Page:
As a predator, the bobcat is able to go for long periods without food, but will eat heavily when prey is abundant. During the lean periods, they will often predate larger animals which they can cache and come back to later. The bobcat hunts by stalking or ambushing their prey and then pouncing or giving chase for short distances. Their preference is for mammals about 1.5 to 12.5 pounds (0.7 to 5.7 kg) in weight. Their main prey varies by region. In the eastern States it is the cottontail rabbit, but in the north it is the snowshoe hare. When these prey exist together, as in New England, they make up the primary sustenance of the bobcat. In the far south, the rabbit or hare is sometimes replaced by the cotton rat as the primary food source. The bobcat is an opportunistic predator that, unlike its Canadian cousin the Lynx, can readily replace its primary prey with a variety of options.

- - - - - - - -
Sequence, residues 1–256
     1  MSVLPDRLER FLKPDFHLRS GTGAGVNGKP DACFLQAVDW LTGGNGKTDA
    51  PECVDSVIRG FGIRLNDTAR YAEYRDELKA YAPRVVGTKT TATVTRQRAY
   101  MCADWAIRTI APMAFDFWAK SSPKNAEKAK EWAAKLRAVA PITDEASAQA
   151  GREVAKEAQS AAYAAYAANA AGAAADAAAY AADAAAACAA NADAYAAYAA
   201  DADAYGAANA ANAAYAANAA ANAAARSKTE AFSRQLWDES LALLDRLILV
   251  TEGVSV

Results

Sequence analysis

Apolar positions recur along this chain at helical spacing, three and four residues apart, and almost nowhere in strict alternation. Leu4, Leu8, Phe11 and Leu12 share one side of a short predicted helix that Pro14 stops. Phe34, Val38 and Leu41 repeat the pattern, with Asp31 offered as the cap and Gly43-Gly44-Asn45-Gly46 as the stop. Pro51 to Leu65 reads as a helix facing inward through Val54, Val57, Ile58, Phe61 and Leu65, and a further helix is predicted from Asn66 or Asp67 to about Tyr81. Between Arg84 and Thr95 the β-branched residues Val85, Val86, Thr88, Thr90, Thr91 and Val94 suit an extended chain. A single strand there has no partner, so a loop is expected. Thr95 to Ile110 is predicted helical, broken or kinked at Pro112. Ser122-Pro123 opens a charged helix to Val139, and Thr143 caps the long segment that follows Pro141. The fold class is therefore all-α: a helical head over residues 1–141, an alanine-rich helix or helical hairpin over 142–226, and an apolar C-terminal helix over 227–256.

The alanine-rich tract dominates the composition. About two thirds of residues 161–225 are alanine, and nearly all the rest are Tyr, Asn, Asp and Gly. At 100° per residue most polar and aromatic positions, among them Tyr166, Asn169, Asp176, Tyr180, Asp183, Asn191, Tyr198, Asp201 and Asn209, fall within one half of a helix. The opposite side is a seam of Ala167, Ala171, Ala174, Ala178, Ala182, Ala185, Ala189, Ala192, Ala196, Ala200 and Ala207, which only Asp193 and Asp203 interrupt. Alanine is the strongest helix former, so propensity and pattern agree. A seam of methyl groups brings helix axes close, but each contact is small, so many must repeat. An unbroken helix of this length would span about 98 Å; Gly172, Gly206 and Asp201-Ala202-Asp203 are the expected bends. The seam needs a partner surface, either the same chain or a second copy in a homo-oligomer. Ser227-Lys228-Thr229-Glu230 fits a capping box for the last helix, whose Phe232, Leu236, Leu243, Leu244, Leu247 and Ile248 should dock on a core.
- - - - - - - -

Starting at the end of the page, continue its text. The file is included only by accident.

The bobcat hunts animals of three different sizes, and will adjust its hunting techniques accordingly. It hunts for small animals in areas known to be abundant in prey, and will lie, crouch, or stand still until an animal wanders close. It will then pounce, grabbing its prey with its sharp, retractable claws. These are usually small rodents like mice and squirrels or birds, but also fish and insects. For slightly larger animals such as rabbits and hares, they will stalk from a covering and wait until they come within 20 to 35 feet (6 to 10 m) before rushing in to attack. Less commonly they will feed on larger animals such as foxes, minks, skunks, and house cats. They have been known to kill deer as well, especially in winter when smaller prey is scarce, or when deer populations become more abundant. They will do so by stalking the deer, often when it is lying down, then rushing in and grabbing it by the neck and biting through the base of the skull or chest. While they rarely kill deer, when they do, they eat their fill and then bury it with snow or leaves, often returning to it several times to feed.[7]